So I guess if I make pancakes this Sunday morning, my kids better beware!




How about you? Have you done a great April Fool's Day joke to someone at your table? Or do you have one planned? Write to me about it here and I won't tell--till after April 1!



Wednesday, March 28, 2012

How to Get Teenagers to Talk

My friend Peggy, from Washington state, says that when their boys were young teens "They had a habit of bolting down food and then saying, 'C'nibescuzed?'  My husband would always reply,  'No.  You can sit here and entertain us with bright conversation.'"
Is that a problem in your house? I think it is in most homes with teens. We've had teenagers for the last thirteen years and have three more years to go, so we've learned a few things about getting teens to talk. Here are some of the things we have done that have worked.


1. Listen without Criticism
Okay, so we haven't done a great job on this, but we are [still] learning. If you get them to express their thoughts, don't jump in and refute or tear down. It's amazing how often they perceive what we say as criticism. And who wants to talk to someone who just picks apart their every opinion?


2. Be a Student of Your Teen's Interests
Because my husband is interested in airplanes and airlines, our sons developed the same interest. Whenever I flew somewhere alone one of them was sure to ask, "What kind of plane did you fly on?" My answer: "Um, two wings and enough engines to get us there." You can be sure that didn't win points.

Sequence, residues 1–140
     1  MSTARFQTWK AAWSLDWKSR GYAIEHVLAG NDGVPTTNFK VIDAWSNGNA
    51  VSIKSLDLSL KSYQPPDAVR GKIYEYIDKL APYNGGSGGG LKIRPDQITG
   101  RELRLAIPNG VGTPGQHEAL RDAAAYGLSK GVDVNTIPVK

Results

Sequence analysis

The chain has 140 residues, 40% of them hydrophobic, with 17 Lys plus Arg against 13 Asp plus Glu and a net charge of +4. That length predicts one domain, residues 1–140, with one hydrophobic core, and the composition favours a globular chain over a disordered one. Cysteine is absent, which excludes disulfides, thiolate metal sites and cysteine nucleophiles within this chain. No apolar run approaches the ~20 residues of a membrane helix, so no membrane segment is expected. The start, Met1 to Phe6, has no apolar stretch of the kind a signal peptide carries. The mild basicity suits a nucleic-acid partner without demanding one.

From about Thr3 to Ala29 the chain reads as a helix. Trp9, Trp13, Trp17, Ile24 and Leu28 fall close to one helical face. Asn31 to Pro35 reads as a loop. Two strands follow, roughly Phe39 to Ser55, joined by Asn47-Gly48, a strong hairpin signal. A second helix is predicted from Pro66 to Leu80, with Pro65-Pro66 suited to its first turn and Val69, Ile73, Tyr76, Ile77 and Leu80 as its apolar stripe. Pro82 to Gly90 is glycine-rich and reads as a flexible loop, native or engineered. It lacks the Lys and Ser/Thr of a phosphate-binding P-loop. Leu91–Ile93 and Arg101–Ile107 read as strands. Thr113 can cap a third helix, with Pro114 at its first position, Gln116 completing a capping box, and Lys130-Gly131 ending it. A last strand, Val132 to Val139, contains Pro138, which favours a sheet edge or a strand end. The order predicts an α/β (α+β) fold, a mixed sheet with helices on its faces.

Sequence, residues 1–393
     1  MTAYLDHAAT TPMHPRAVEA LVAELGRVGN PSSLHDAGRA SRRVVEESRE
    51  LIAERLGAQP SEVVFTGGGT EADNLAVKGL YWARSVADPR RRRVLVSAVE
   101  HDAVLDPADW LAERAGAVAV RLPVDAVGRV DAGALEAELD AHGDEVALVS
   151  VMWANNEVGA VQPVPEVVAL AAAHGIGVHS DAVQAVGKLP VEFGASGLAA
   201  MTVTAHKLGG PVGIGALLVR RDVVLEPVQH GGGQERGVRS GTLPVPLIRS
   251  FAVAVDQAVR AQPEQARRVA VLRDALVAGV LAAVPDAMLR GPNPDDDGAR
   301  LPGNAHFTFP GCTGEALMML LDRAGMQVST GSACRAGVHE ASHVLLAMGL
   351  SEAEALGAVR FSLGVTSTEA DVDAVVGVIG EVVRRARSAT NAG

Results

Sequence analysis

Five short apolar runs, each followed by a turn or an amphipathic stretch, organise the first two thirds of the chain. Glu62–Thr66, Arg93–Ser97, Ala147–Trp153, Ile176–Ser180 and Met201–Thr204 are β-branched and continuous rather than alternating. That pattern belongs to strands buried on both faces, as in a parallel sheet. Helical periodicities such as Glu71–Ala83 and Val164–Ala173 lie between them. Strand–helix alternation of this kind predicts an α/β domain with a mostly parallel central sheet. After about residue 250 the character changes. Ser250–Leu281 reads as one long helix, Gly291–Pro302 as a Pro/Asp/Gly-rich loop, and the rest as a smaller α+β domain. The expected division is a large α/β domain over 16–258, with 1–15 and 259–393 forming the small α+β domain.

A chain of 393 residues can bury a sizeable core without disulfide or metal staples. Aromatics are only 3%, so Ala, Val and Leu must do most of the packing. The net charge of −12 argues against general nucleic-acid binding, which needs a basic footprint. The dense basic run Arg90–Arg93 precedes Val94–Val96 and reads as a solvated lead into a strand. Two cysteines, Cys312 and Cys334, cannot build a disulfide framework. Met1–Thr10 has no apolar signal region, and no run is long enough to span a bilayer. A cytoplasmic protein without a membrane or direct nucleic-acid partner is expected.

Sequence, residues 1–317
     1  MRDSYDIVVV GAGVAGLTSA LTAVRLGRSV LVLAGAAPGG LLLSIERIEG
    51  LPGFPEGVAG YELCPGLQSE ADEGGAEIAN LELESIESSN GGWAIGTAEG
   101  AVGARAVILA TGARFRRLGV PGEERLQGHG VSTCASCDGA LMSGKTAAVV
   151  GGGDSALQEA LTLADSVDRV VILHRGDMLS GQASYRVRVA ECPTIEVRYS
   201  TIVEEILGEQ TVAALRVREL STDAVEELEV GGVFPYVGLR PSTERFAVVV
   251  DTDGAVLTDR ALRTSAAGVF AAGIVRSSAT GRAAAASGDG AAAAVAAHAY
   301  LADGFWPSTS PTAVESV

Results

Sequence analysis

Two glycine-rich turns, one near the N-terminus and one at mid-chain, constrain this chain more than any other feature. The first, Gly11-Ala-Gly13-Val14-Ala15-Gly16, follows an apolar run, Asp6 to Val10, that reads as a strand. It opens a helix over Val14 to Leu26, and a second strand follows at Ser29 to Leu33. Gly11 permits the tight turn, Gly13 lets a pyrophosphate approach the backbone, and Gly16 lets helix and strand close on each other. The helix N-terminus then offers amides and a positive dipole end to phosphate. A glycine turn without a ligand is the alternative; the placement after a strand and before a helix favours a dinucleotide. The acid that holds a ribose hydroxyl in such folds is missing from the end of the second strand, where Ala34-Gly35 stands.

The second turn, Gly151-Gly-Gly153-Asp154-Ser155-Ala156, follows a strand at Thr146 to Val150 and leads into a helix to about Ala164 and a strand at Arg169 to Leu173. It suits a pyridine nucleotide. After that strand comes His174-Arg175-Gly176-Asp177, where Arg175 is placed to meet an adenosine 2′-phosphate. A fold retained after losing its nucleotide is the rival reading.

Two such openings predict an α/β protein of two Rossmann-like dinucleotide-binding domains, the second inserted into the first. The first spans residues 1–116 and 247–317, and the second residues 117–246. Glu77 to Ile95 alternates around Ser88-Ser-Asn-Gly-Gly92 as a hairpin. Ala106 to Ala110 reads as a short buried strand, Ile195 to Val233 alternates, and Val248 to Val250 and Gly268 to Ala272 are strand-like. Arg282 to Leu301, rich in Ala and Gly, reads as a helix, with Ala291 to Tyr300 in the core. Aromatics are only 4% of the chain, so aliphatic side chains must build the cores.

Then I discovered that that safety card they always tell you to look at tells you what kind of plane you are on. So I made sure to memorize that and to take a minute to look around at the seat configuration--was it two on the left, three on the right, or a wide-body with two-four-two? 


I also listened more closely when the news had something about airplanes--a crash, a new plane unveiled, an airline merger. Anything thing that they would be interested in. That way I had something to ask them about. "Did you see the unveiling of the 787? What's better about it?" 


You can do the same kind of investigation for whatever it is that interests your teen. 


3. Read What They Read
You know that novel they have been complaining about having to read for the last two weeks? Have you ever read it? Check it out of the library and read it. Then ask questions about the book. (You might sneak a peak at Spark Notes and get some ideas.) Don't be their teacher, but if you are genuinely interested in what they think about the book, they will probably talk. Check out what they are reading just for fun, too.


4. Invite Their Friends for Meals
When kids go to other people's houses they rise to the occasion in the politeness area. You can ask the guest a few questions about what they are doing, what's going on at school, the novel they are reading, and they'll answer even if your teen won't. This will give you information about your teen.